Pin Me

Can Free College Happen in the United States?

written by: •edited by: Tricia Goss•updated: 9/17/2015

Higher education is a basic right that should not be restricted to the wealthy and should not mire graduates in debt. In the United States, 40 million people owe a combined $1.3 trillion in student loans. Can this nation mirror our neighbors and eliminate the costs of college?

  • slide 1 of 5

    Free College in the US? Going to college in the United States is expensive and getting worse. Mother Jones reports that tuition has increased 1,122 percent since 1978. Comparatively, medical care has increased 600 percent and housing has gone up by less than 300 percent.

    Elsewhere in the world, it is not this way. Business Insider states that as of 2012, the average cost of college tuition and other expenses is 51 percent of the median income in the United States. Meanwhile, in Canada, it is 22 percent and in Sweden, it is lower than 3 percent.

    Many nations including Germany, Brazil, Norway, Finland and Argentina, offer college without tuition. The only costs for students are books, housing and perhaps a registration fee. Some of them offer this not only to their own citizens, but to foreigners as well.

  • slide 2 of 5

    No Free Lunches

    Of course, college cannot be free for everyone. It's the taxpayers, not the students, who pay the tuition. The students graduate to become taxpayers in a nation with a heavy tax burden. Nations delivering tuition-free college (Germany 49.3 percent, Finland 43.9 percent and Sweden 42.5 percent) often have much higher income tax than the United States (31.5 percent). The entire nation, rather than only those being educated, pay the bill for advanced degrees.

    Student motivation becomes another problem. Something given for free does not have the same perceived value as something hard-earned. Germany has trouble with “Dauerstudenten" or “eternal students" who are unmotivated to graduate into the workforce. They do not see education as a path to a career, but as a career itself. When college is expensive, students value it. They are motivated to graduate expediently and transition into good-paying careers.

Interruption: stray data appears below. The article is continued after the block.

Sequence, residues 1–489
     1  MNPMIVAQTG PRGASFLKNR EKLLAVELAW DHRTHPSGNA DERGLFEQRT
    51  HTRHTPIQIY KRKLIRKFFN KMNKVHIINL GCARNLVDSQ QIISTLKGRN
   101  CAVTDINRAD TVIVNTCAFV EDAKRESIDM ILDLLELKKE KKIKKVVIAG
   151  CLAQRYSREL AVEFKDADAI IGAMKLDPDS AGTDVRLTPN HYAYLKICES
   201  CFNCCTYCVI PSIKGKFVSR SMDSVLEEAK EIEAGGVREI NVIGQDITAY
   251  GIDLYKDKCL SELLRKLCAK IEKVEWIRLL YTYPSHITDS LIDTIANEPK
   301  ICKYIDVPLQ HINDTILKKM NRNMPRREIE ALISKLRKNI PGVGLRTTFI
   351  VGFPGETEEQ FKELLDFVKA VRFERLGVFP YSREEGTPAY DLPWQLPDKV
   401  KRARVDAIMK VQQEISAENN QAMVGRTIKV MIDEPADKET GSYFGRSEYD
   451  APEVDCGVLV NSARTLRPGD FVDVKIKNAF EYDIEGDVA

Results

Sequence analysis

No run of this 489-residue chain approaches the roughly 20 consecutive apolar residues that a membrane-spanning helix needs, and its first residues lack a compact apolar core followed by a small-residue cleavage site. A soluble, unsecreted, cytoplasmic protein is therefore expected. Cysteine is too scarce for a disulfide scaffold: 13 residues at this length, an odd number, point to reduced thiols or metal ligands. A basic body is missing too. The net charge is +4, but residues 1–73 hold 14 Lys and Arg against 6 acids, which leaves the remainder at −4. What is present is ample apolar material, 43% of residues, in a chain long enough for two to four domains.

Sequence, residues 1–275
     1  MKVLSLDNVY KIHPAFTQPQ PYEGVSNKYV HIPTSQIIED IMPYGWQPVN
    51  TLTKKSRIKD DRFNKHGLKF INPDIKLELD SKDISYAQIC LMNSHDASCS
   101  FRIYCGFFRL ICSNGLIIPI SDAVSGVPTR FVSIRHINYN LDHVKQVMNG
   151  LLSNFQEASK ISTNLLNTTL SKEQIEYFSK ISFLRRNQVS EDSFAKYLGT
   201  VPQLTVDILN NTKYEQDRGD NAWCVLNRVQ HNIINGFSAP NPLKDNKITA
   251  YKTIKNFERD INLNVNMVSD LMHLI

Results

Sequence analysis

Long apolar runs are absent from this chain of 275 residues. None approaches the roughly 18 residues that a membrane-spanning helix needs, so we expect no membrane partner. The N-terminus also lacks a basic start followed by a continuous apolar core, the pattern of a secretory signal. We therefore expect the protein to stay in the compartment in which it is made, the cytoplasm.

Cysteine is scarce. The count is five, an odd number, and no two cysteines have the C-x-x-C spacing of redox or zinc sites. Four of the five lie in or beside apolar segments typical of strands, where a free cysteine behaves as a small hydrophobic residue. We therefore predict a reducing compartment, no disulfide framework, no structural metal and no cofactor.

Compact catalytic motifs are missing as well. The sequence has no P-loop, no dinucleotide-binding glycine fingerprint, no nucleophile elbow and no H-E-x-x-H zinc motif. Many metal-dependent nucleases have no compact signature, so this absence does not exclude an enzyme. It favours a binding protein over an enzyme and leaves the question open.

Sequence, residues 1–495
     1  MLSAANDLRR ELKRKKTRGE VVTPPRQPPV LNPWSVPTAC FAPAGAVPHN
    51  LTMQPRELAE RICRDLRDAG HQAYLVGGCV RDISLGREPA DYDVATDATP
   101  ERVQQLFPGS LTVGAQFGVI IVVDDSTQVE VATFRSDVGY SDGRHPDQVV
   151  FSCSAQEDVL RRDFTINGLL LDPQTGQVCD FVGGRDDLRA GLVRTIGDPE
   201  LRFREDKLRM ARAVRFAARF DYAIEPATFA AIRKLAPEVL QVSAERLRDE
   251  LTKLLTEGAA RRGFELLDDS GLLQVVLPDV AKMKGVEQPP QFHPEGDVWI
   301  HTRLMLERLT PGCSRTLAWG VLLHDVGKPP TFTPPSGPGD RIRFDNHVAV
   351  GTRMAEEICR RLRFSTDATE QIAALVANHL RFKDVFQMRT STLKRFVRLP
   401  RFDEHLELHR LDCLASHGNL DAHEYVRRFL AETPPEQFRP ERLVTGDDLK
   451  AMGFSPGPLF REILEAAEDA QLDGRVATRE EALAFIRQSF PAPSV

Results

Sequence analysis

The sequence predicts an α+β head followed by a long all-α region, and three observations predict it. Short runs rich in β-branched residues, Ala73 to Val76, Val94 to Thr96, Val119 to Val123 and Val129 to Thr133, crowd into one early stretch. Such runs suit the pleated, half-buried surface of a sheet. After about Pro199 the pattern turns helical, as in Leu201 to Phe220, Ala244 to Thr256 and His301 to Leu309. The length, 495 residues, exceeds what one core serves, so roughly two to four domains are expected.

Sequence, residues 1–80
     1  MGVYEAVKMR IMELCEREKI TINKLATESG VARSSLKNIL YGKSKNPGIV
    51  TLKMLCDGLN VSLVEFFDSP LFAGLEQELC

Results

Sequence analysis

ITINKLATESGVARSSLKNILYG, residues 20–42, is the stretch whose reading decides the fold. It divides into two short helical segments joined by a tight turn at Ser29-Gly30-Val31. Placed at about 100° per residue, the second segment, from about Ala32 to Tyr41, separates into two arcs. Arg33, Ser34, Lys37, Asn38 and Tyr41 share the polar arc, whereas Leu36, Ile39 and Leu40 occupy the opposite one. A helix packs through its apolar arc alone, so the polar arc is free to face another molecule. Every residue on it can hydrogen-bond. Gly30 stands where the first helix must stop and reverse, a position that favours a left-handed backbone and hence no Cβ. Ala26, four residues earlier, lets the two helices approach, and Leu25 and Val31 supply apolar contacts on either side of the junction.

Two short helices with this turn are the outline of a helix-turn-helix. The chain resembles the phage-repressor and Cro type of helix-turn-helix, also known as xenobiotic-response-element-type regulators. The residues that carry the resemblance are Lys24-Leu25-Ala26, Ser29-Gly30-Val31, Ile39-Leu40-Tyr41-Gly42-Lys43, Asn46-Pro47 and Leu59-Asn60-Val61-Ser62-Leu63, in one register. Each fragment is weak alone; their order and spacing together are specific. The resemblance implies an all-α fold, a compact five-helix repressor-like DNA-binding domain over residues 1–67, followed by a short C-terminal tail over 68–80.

Could the United States exchange tuition for higher taxes? Would it create a community of career learners unwilling to get working and pay the system back? College costs need to come back to Earth, but burdening the taxpayers is not the answer.

  • slide 3 of 5

    The Oregon Method

    In 2013, Oregon proposed a system that would postpone paying for college and eliminate student loans. The "Pay It Forward" plan would provide higher education for free, but graduates would pay 3 percent of their income for the next 24 years.

    The average graduate with a four-year degree would pay almost $40,000 over their lives or $7000 more than the cost of the degree. Those with higher incomes would pay more, of course, and lower incomes would pay less. Students would purchase their degree at a price relative to its value to them.

    Yet student debt is not all about tuition. Room, board and supplies are expensive. Full-time students would be either working or borrowing to cover those costs. They would not graduate debt-free.

    The system is far from reality. The state would have to pay $9 billion over 25 years before graduates would pay back enough to fund Oregon's state universities. The tuition-free environment may discourage quick graduations. If students choose to take another year or more to finish school, the state pays even more.

    It's a decent thought, but the idea has many holes.

  • slide 4 of 5

    University of the People

    UoPeople is a non-profit online university headquartered in Pasadena, California. It aims to provide low-cost education worldwide. Currently it offers bachelor and associate degrees in business administration and computer science. It is accredited through the Distance Education Accrediting Commission.

    Students pay a registration fee of $10-50, depending on income and home nation, plus $100 for each exam. Associate degrees require 20 exams and bachelor degrees require 40. Therefore, a degree would cost $2000 or $4000 total. Students who cannot afford that can apply for scholarships.

    How does it work? A council of presidents representing UC Berkeley, the Indian Institute of Technology, Oxford and other international institutions leads the university. Three thousand volunteers work with a small paid staff. UoPeople has partners including the United Nations, Yale Law School, Microsoft and the Clinton Global Initiative. They contribute to a virtual Library and Resource Center powered by open source software. Multimedia lectures are delivered online.

    Students learn from volunteers, participate in forums and help each other find answers. Two thousand students from 150 countries are currently enrolled.

  • slide 5 of 5

    A Misconception of Free

    Anywhere college tuition is free, taxpayers are funding it. The American system is not flawed. If you want the education, pay for it. Choose a school and degree that will increase your income and enjoy the profit.

    Costs for college are climbing out of control, but raising taxes is not the answer. Schools need to open their eyes to more modern and efficient ways of doing things. If education is to be affordable in the future, it will need to reinvent itself.